- Research article
- Open Access
- Open Peer Review
Salinomycin increases chemosensitivity to the effects of doxorubicin in soft tissue sarcomas
- Sven-T Liffers†1Email author,
- Daniel J Tilkorn†2,
- Ingo Stricker1,
- Christoph Günter Junge1,
- Sammy Al-Benna2,
- Markus Vogt1,
- Berlinda Verdoodt1,
- Hans-U Steinau2,
- Andrea Tannapfel1,
- Iris Tischoff1 and
- Alireza Mirmohammadsadegh1
© Liffers et al.; licensee BioMed Central Ltd. 2013
- Received: 17 March 2013
- Accepted: 15 October 2013
- Published: 21 October 2013
Chemotherapy for soft tissue sarcomas remains unsatisfactory due to their low chemosensitivity. Even the first line chemotherapeutic agent doxorubicin only yields a response rate of 18-29%. The antibiotic salinomycin, a potassium ionophore, has recently been shown to be a potent compound to deplete chemoresistant cells like cancer stem like cells (CSC) in adenocarcinomas. Here, we evaluated the effect of salinomycin on sarcoma cell lines, whereby salinomycin mono- and combination treatment with doxorubicin regimens were analyzed.
To evaluate the effect of salinomycin on fibrosarcoma, rhabdomyosarcoma and liposarcoma cell lines, cells were drug exposed in single and combined treatments, respectively. The effects of the corresponding treatments were monitored by cell viability assays, cell cycle analysis, caspase 3/7 and 9 activity assays. Further we analyzed NF-κB activity; p53, p21 and PUMA transcription levels, together with p53 expression and serine 15 phosphorylation.
The combination of salinomycin with doxorubicin enhanced caspase activation and increased the sub-G1 fraction. The combined treatment yielded higher NF-κB activity, and p53, p21 and PUMA transcription, whereas the salinomycin monotreatment did not cause any significant changes.
Salinomycin increases the chemosensitivity of sarcoma cell lines - even at sub-lethal concentrations - to the cytostatic drug doxorubicin. These findings support a strategy to decrease the doxorubicin concentration in combination with salinomycin in order to reduce toxic side effects.
- Malignant soft tissue tumors
Soft tissue sarcomas are a rare and heterogeneous entity of tumors with an annual incidence of 2-4/100,000 . In contrast to carcinomas, soft tissue tumors are of mesenchymal origin. According to the tumor grading the 5-year survival ranges from 72-83% in well differentiated G1 sarcomas, 53-59% in G2 sarcomas to 26-42% in G3 sarcomas . Metastatic disease becomes evident within the first 2–3 years after initial diagnosis and is the main cause of mortality in these patients . Despite multi-disciplinary treatment (i.e. surgery, chemotherapy and radiation therapy), the rate of recurrence remains higher than 50%, and results in diffuse metastatic disease and the death of the patients . Chemotherapy for advanced tumors remains unsatisfactory due to low chemosensitivity despite combination chemotherapeutics. The most effective chemotherapeutic agents are the anthracyclines doxorubicin and epirubicin [5–7]. Doxorubicin still remains the first line chemotherapeutic for soft tissue sarcomas. Unfortunately, its cytostatic effect in therapeutic doses is frequently insufficient (monotherapy response rate of only 18-29%); but the use of higher doxorubicin doses is limited by the development of systemic toxicity, especially cardiotoxicity. In addition to the poor response rate to doxorubicin, the development of drug resistance remain an unresolved problem [8–12].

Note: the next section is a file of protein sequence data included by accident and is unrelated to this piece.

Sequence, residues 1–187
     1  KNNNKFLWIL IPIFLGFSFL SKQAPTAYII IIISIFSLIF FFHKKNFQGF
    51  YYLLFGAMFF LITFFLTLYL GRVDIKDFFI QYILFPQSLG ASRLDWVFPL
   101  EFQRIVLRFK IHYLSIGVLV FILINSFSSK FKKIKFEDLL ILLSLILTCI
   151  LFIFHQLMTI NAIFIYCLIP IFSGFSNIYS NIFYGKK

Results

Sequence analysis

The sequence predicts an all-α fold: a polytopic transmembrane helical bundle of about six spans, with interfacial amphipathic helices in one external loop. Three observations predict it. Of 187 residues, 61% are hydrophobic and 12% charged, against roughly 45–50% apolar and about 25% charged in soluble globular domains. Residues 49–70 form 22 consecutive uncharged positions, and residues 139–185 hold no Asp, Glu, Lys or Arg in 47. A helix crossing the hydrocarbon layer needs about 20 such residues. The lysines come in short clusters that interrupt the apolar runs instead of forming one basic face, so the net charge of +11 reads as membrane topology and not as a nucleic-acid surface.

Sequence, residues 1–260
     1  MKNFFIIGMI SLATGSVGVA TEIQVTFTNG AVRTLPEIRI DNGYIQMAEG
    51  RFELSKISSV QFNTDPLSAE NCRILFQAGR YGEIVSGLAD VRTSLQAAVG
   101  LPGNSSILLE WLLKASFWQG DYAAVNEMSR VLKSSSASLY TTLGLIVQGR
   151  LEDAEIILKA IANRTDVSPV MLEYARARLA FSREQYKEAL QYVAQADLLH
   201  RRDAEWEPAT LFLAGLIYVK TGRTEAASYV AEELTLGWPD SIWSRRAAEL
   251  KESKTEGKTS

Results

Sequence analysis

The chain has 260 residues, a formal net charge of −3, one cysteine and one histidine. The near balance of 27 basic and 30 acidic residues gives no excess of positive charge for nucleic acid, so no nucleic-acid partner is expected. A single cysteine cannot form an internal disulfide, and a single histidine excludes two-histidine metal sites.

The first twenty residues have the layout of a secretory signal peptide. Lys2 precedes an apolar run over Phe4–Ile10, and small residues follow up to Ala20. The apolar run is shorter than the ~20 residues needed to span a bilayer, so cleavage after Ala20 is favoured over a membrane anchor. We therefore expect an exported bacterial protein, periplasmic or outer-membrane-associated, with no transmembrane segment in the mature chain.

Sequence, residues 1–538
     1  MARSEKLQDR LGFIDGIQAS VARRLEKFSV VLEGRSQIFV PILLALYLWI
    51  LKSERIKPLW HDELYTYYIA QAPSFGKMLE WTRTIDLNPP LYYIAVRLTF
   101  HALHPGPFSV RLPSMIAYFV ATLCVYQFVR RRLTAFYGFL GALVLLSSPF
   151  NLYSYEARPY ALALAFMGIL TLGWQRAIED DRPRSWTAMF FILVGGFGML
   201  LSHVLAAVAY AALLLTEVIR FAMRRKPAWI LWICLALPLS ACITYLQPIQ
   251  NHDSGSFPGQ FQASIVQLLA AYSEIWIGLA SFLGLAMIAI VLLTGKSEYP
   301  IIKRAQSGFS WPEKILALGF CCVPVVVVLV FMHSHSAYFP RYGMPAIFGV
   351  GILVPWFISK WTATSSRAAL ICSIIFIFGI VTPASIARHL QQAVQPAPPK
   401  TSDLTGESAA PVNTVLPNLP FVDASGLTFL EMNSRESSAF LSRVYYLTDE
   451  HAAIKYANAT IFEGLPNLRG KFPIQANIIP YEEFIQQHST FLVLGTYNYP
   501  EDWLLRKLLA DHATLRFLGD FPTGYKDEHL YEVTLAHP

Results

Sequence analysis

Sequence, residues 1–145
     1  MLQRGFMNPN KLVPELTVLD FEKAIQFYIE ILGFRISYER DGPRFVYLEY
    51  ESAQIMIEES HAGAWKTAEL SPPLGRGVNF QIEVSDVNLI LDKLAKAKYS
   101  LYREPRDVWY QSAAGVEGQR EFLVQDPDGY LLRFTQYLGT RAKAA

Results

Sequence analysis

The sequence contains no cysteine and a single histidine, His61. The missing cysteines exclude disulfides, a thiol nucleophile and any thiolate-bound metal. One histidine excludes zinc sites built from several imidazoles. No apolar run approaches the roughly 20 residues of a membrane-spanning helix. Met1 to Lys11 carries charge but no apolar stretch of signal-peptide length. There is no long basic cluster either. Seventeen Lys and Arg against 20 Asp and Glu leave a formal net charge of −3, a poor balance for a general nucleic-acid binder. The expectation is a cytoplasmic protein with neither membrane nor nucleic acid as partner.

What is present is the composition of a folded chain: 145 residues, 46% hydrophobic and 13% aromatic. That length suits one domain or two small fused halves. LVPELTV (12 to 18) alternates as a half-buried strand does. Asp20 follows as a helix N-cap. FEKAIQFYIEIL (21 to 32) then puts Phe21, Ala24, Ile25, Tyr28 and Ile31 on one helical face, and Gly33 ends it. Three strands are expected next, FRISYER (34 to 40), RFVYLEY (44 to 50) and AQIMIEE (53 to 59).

The anionic and weakly acidic antibiotic salinomycin acts in different biological membranes including cytoplasmic and mitochondrial membranes. In addition to its antimicrobial properties, salinomycin selectively depletes breast cancer stem cells from tumorspheres and impedes breast tumor growth in mice xenograft experiments . The activation of apoptotic pathways by salinomycin is independent of p53 and caspase activation . Further, it has been reported that salinomycin sensitized cancer cells by reducing p21 levels [15, 16]. However, little is known about its impact on sarcomas.
In order to improve the oncological treatment of patients with soft tissue sarcoma mechanisms to overcome drug resistance and reduce drug toxicity must be identified. Therefore, the aim of this study was to evaluate the effect of salinomycin on the chemosensitivity to doxorubicin in three different soft tissue sarcoma cell lines.
The human soft tissue sarcoma cell lines SW872 (liposarcoma cell line), A204 (rhabdomyosarcoma cell line) and HT-1080 (fibrosarcoma cell linie) (ATCC-LGC Standards, Wesel, Germany) were cultured in DMEM (PAN-Biotech, Aidenbach, Germany) media containing 10% fetal bovine serum (Hyclone-Thermo Scientific, Bonn, Germany) and 1% penicillin/streptomycin (PAN-Biotech, Aidenbach, Germany) and were incubated at 37°C and 5% CO2.
Cell viability assay
Cells were seeded at 2×104 per well in 24 well plates and treated 16 h later at the indicated drug concentrations. Forty-eight hours after the application of salinomycin (Sigma, Taufkirchen, Germany), doxorubicin (Sigma, Taufkirchen, Germany) or both compounds together, respectively, 100 μl of MTT solution (5 mg/mL) was added per well. Cells were lysed with 250 μl triplex solution (1 mM HCl; 5% iso-butanol; 1% SDS), after 3 h of incubation. Optical density was measured at 562 nm with a background correction at 630 nm. All data points were normalized with respect to the DMSO control.
Alternatively, determination of cytotoxicity was carried out using the MultiTox-Glo assay (Promega, Mannheim, Germany). For this, 3000 cells per well were seeded in 96 well plates (Corning, Amsterdam, Netherlands), and treated 16 h after cell seeding in the presence of a dose–response of doxorubicin in the presence and absence of 1 μM Salinomycin (i.e. 751 ng/mL). Toxicity was measured after 24 h according to the manufacturer’s instructions in four independent measurements. The cytotoxicity is expressed as the ratio of live cell fluorescence to dead cell luminescence, relative to the vehicle control.